The enforcement of the law depends upon adequate police and the attitude of the magistrates. The noble and learned Lord on the Woolsack, so I am advised, has no power at all in this matter. The noble and learned Lord appoints magistrates, and he can dismiss magistrates; but while they are magistrates, unless they are, what I think is called, perverse, he cannot instruct them how to carry out their duties. I owe a deep debt of gratitude to the noble and learned Lord, the Lord Chief Justice, who gave up a great deal of his time during the last twelve months to try and bring home to magistrates all over the country the tragedy of these road accidents. The Home Secretary can do a lot in that direction. But in addition to all that, we need to augment the traffic police of this country, and to do as was done in the great Lancashire experiment by the Chief Constable of Lancashire. But the noble Lord will have to talk seriously to the Treasury and the Home Office before ever we shall impinge upon this problem.

The noble Lord, Lord Killearn, will be interested to know that I have put down a Question, so that the position can be clarified as regards traffic in the Royal Parks, as I am apt at the present time to hold a somewhat different view from the noble Lord who answered for His Majesty's Government the other day.

I have tried to outline to your Lordships the things that are going to improve this position. I do not agree with the abolition of the speed limit. I do not think it is the panacea of the whole problem. There are in this country, as the noble Lord, Lord Merthyr, said, a great many speed limits which should never be there, and which are put there only to placate local pressure and public opinion, not because they will prevent accidents. I have had the opportunity of inspecting certain lengths of road and the police records in respect of them, and there is not one case in the accident history of those stretches of road in which speed ever played a part in the accidents. But local opinion is: "If only we can have a 30 m.p.h. limit, everything will be very fine in future." But the reverse is the case. That is my view on this question. I hope that the noble Lord will address himself seriously to this problem because it is one of the most serious we have to face, and it is something that we, as humane people, should not tolerate. But do not blame only one class of the community: all classes are to blame; they are all careless and selfish. The man who is the most potent source of danger is not the man who exceeds 30 m.p.h. in a built-up area, but the one who has not the patience to take his place in the queue but must cut in and do all those senseless things which cause accidents in built-up areas. I hope that the noble Lord will be able to address himself to this problem on the lines I have indicated.

5.35 p.m.


My Lords, before I reply to the Motion of the noble Lord, Lord Elton, may I be permitted to tell your Lordships how much I regret that the pressure of business which has been forced upon me since I took up my appointment has prevented me, until to-day, from being in this House for your Lordships' deliberations? I was very sorry indeed that I was unable to be present when the noble Lord, Lord Lucas, spoke on the Address. I did, in fact inform the noble Lord that I should not be able to be here and the reason was quite an exceptional one. I just could not omit to attend to a particular meeting at that moment and it had to be that way. I assure your Lordships that I know what I owe to this House and indeed. I am going to live up to that. But just at that immediate time I was overwhelmed with the other business that prevented me from being here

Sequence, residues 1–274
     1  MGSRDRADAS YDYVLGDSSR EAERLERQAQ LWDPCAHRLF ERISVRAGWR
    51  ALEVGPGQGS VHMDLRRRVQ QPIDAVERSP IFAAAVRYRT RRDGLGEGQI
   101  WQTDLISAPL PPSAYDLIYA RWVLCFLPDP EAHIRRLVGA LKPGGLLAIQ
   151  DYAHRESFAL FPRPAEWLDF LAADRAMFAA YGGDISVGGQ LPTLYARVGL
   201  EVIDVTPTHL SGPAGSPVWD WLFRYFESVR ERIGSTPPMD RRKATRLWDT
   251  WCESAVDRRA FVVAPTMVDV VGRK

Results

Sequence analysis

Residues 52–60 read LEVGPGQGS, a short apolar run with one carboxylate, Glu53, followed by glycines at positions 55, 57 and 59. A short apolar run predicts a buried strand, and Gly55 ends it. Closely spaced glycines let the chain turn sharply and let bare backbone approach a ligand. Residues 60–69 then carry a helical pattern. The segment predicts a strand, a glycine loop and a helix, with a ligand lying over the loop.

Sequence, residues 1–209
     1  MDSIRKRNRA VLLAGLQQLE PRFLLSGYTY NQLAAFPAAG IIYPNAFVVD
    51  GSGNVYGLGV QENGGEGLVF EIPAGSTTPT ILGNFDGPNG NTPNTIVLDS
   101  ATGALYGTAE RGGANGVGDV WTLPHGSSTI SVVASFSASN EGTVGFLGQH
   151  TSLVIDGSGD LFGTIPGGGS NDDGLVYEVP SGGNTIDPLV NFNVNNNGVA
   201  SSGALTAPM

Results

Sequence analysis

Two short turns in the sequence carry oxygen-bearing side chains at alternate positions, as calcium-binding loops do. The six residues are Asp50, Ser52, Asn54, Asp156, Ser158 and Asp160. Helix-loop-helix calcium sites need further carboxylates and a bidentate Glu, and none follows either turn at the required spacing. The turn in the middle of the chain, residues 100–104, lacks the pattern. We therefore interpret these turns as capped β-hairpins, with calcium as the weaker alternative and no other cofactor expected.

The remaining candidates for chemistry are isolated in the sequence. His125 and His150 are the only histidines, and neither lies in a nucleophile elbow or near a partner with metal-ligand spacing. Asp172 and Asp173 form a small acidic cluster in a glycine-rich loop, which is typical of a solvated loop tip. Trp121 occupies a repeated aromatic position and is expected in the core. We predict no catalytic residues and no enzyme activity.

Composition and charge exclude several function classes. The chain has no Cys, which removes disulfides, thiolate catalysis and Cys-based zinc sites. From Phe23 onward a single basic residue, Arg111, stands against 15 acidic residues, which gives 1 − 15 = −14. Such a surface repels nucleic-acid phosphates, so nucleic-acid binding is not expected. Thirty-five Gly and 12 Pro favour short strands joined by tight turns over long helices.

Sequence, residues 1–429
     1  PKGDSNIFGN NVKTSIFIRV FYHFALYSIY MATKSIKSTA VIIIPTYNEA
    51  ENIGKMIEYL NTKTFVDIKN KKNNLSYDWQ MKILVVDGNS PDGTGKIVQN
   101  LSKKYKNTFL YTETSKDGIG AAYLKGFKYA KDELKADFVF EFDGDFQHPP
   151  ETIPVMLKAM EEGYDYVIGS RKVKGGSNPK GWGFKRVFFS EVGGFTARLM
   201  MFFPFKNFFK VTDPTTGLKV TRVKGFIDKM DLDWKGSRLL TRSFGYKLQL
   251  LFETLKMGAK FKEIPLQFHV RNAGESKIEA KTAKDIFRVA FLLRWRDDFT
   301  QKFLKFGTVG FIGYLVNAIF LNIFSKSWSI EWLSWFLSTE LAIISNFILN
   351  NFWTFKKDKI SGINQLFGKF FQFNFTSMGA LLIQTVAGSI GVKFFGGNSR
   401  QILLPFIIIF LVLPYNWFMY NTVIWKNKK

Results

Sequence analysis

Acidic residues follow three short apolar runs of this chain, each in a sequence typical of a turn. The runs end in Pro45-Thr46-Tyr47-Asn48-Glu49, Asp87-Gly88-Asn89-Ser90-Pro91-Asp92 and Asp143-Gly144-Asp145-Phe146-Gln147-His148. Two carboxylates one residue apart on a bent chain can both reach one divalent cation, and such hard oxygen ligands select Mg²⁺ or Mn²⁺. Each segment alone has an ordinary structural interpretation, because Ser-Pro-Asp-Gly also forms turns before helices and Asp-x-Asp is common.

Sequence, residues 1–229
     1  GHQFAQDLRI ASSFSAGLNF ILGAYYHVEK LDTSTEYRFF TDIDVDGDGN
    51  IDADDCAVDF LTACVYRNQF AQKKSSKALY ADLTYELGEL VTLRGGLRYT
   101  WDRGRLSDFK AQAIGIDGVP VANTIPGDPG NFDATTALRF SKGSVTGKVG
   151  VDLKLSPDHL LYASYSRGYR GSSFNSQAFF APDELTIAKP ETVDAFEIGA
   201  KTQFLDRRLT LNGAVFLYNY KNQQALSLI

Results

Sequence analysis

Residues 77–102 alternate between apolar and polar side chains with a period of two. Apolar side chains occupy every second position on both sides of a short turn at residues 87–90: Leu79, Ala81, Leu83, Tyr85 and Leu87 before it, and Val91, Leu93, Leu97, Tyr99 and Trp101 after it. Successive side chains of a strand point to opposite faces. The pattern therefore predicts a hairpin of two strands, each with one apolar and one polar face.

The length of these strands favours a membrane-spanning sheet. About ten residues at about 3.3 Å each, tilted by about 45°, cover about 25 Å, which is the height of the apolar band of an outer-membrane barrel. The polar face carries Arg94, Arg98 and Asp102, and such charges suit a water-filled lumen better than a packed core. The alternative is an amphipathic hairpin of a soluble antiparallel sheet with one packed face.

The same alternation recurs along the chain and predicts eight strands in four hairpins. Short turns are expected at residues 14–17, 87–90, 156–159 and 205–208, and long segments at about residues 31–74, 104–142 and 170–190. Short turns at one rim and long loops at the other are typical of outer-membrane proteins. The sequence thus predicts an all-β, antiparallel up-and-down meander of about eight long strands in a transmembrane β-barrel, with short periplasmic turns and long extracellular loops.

Turning now to the Motion proposed by the noble Lord, Lord Elton, while I do not quarrel at all with its subject matter. I must say, right away, that I entirely dispute and reject the noble Lord's premise. The speed limit for motor vehicles in built-up areas is not universally disregarded. That is really too much to say, and quite unfair. What I think we might all agree is that it is not observed as much-as it ought to be. We have to rely in this matter, as in many others, on the good sense and co-operation of everyone, but when this co-operation is not forthcoming we must do our best to see that the law is enforced. This, as your Lordships know, is the responsibility of the police, and I can assure your Lordships that the enforcement of this particu- lar measure is a prominent feature of police policy. I should not like the impression to go abroad that the police are not co-operating 100 per cent. It would be unfair to leave unchallenged any view of that sort. The work is carried out mainly by the mobile police patrols which have proved most effective and useful generally in the campaign for road safety.

I hope that your Lordships will forgive me if I bring to my support at this point a few figures. In 1949 the number of prosecutions for speeding in built-up areas was nearly 24,000; and in over 2,000 other cases written warnings were issued. There were, in addition, nearly 26,000 prosecutions for speed limit offences by goods vehicles, and further prosecutions against public service vehicles, though goods and passenger vehicle offences are not necessarily committed in built-up areas, since, as your Lordships will know, each class of vehicle is restricted to a particular speed, wherever it may be. In 1950, due to the abolition of petrol rationing and also, partly, because it was possible to strengthen the police on traffic duties, the number of prosecutions for offences in built-up areas rose by nearly a half to 34,000; and the number of written warnings given increased even more. The figures for the Metropolitan Police District alone are particularly illuminating. In 1950, over 14,000 drivers were summoned for speeding. In addition, over 23,000 drivers were warned of the need for scrupulous observance of the limit. This year up to the end of October, there have so far been 13,000 summonses and over 24,000 warnings. Your Lordships will therefore understand that, despite the pressure of duties weighing upon the police, especially upon the traffic patrols while the Festival of Britain has been on, the work of enforcing the speed limit has been fully maintained.